However painful it was to read the headline “Obamacare Stands” on Drudge yesterday, Chief Justice Roberts made the right call.
Roberts’s opinion, far from being an act of cowardice or betrayal, is true to the tradition of the early Republic, when the Supreme Court exercised the power of judicial review to strike down federal statutes only very rarely…
There is a larger point. If the only way Americans can defend their liberties is to hide behind the verbiage of a Supreme Court opinion, it’s already too late for freedom here.
Conservatives who are trying to salvage a little “hope and change” from Chief Justice John Roberts’s disastrous ruling in the Obamacare case yesterday argue that the limits the Court placed on the Commerce Clause and the power of the federal government vis à vis the states are victories for conservatives in the long run. But in this case, the short run is the long run: Obamacare will change our society forever–and not for the better.
Liberals are celebrating, not just because Barack Obama’s presidency is no longer just a waste of time, but also because they believe that people will never reject entitlements once they have them. Evidence from around the world proves them right.
This country is hopelessly split along ideological lines, and it seems impossible for either side to gain any lasting advantage over the other. But maybe Roberts has managed to do precisely that. By nominally endorsing an overwhelmingly unpopular bill that is in major trouble anyway, he has created the political space needed to strike directly at the heart of liberal legal theory without inflaming the Democrats.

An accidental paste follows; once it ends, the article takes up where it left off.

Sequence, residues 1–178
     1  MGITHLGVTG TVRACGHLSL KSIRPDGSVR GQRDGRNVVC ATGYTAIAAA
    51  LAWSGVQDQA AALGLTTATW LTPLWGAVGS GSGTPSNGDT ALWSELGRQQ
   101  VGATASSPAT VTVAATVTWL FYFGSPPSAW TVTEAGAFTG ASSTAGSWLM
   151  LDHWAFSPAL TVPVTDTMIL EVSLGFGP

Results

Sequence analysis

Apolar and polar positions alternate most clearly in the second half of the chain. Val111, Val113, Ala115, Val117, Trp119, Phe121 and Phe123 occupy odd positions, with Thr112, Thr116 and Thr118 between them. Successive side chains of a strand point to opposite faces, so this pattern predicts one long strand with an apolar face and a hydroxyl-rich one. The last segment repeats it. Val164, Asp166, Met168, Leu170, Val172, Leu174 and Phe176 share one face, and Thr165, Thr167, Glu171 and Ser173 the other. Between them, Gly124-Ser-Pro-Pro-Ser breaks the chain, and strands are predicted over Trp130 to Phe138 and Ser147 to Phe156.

This, by the way, is exactly what the Warren Court of the 1950s and 1960s failed to do. Insufficiently concerned about political fallout, the liberals on that court plunged ahead with leftist policymaking from the bench. As a consequence, conservatives grew acutely aware of the dangers inherent to liberal judicial activism, organized politically to fight back, and thus was ultimately born the Rehnquist Court, which rolled back many of the excesses of the Warren years.
But how do conservatives continue their judicial project without similarly inflamming the left and stalling their own agenda in its tracks? Well, just maybe Chief Justice John Roberts showed the way yesterday. It’s all about taking opportunities as they present themselves, not over-reaching, and playing the long game.
[I]f the underlying mandate is otherwise unconstitutional, as Roberts concluded, how does adding a penalty make it okay? Under this precedent, Congress could theoretically mandate anything it wants and slap on a nominal penalty and defend it in Court as a tax after the fact. To use a popular example, the government can now still force you to purchase broccoli, as long as the punishment is a fine rather than imprisonment…
In a broader sense, this case was testing the assumption that the Supreme Court would never invalidate a major act of Congress. Even if Roberts had only agreed to strike down the mandate, it would have sent a powerful message that the Supreme Court is willing to protect the Constitution from further encroachments. But I fear when all is said and done, after this case, future lawmakers will still feel confident in the assumption that they can pass whatever they want, and if the legislation is major enough, the Supreme Court will find some sort of excuse to uphold it.
Some will suggest that this is no victory at all, given the Court’s ruling that the money one must pay for failing to obtain insurance can be supported as a use of Congress’s taxing power. However, by confining within the taxing power the ability of Congress to adopt such schemes, the Court has greatly limited Congress’s ability and political appetite to attempt them in the future…
Another thing to note is that Chief Justice Roberts’s opinion on the taxing power is limited. He noted that it could not be considered punitive because the amount citizens are required to pay for not having insurance is far less than they would have to pay to obtain insurance. He strongly suggests that, if Congress were to require citizens to pay an amount greater than the costs of insurance, that would constitute a penalty, and thus would be unconstitutional.